Using a positively voluptuous-looking Vidya Balan taking centre stage, director Milan Luthria's The Dirty Picture was in the news for over a few years now. The main destination, in excess of Vidya herself, is the character she performs in the movie, and '80s sexy starlet, purportedly according to the one and only the legendary Silk Smitha. The excitement about the movie has only increased ever because the promos in the movie started doing the rounds of theatres and on-line, on videosharing sites, with Vidya's look attracting all the attention because the ear-popping song used in it.
With a movie from the '80s, when Bollywood was at its experimental best, the song in the movie is likely to result in an excitement. With Vishal Dadlani and Shekhar Ravjiani on composing duties, one expects at least to get vowed. So, does The Dirty Picture OST meet the expectations?
The songs reveals with its flagship number, ooh la la. The song has presently attracted quite the excitement, from its use in the movie's raunchy promos, and lives as much as its star billing. A great '80s renaissance in the song, ooh la la features Bappi Lahiri in a powerful position about the male vocals, while Shreya Ghoshal emulates the classic bimbette voice with a T. Rajat Arora's lyrics are sort of self-aware, in terms of the almost lascivious images that they can bring up, but they do keep in line with all the feel in the track. The song's pumping set up borders on something from Bollywood's jhankaar beats years, but that completes the image perfectly too. There's also a beat-heavy, bhangra-influenced mixture of the song later around the playlist; but as it sounds interesting, the set up simply is removed as a bit too anachronistic.
The album requires a romantic turn using the next handful of amounts, both entitled ishq sufiyana, featured in separate men and women versions. A mans version comes first, with Kamal Khan on vocals. Because the title indicates, the track is really a sufiyana number, and so far as sufi pop tracks use Bollywood, this is a reasonably straightforward one. The track is mildly similar to tum jo aaye zindagi mein, from Milan Luthria's earlier Not So Long Ago In Mumbaai', but it is a passing similarity. There is nothing too notable concerning the track's arrangement or seem, however it casts an attractive pale around the overall album anyway. The feminine version from the track brings Sunidhi Chauhan on vocals, and also the lady is within her element. Though there is not a distinction between a mans and female versions of ishq sufiyana, Sunidhi's verve takes that one up a notch.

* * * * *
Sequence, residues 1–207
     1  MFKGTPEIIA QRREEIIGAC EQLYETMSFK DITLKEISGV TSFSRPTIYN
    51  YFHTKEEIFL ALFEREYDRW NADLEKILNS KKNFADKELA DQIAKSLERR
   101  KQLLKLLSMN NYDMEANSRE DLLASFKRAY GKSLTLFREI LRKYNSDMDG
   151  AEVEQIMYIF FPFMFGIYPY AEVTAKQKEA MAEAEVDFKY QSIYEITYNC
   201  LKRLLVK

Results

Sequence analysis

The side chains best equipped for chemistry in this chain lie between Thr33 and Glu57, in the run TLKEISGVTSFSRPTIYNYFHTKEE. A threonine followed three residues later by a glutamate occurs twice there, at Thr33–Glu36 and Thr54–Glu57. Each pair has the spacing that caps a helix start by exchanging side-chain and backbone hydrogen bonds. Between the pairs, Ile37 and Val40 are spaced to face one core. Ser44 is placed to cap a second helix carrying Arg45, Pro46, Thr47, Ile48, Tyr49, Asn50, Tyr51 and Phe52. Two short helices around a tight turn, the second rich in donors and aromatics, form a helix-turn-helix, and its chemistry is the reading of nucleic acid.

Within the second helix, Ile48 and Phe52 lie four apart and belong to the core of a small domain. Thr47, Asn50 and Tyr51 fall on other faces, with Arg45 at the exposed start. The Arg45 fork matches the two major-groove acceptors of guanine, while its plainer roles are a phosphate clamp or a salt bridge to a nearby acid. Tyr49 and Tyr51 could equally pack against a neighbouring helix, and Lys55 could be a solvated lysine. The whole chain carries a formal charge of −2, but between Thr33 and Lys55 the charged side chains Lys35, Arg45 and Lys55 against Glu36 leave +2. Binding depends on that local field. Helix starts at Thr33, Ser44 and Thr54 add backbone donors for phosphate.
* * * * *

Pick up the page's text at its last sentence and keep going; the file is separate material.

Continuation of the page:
Sunidhi returns around the next number, honeymoon ki raat, which seems like a vintage Bappi Lahiri number in the beginning. The noisy beats, heavy utilisation of the synthesisers along with a kitschy, dance-floor worthy tune that seems like something straight from the Disco Dancer soundtrack, make that one a champion among all. As the disco feel from the track is very interesting, the cool lyrics from Rajat Arora deserve attention too. The only real grouse you could hold against that one, possibly, is the fact that Vishal-Shekhar haven't incorporated a much more up-tempo version from the track around the album.
Shreya Ghoshal attempts a sensuous spoken-word intro on twinkle twinkle, the final track around the album. She works, however the cheesiness from the opening lines in the track takes a relatively good sheen from the number. That one is torn between as being a bhangra number along with a standard 1980s stay tuned preserving the theme from the album. As the vocals from Shreya seem quite bhangra-like, the relaxation from the track is perfectly period, the seem and also the arrangement straight from a Jeetendra-Sridevi type movie, as the male add the track, Rana Majumdar, looks like R. D. Burman's roaring baritone. Regrettably, the wild mixture of each one of these elements proves an excessive amount of for that track to deal with, which eventually ends up flat on its face, a mash from it all.
While there are a several interesting songs on The Dirty Picture songs, such as ooh la la and honeymoon ki raat, Vishal-Shekhar don't capitalise about the period charm of their subject. Indeed, besides the afore-mentioned numbers, there is nothing breakout here. With all the type of kitschy attraction that the movie appears to encapsulate, the composers had a chance to craft anything of an idea album with the entire launch. Though they have not completely wasted the opportunity, they have not really capitalised in it possibly. Have this one for ooh la la and honeymoon ki raat, but do not expect a lot more than thatů
that Ajay Atul are not going anywhere soon.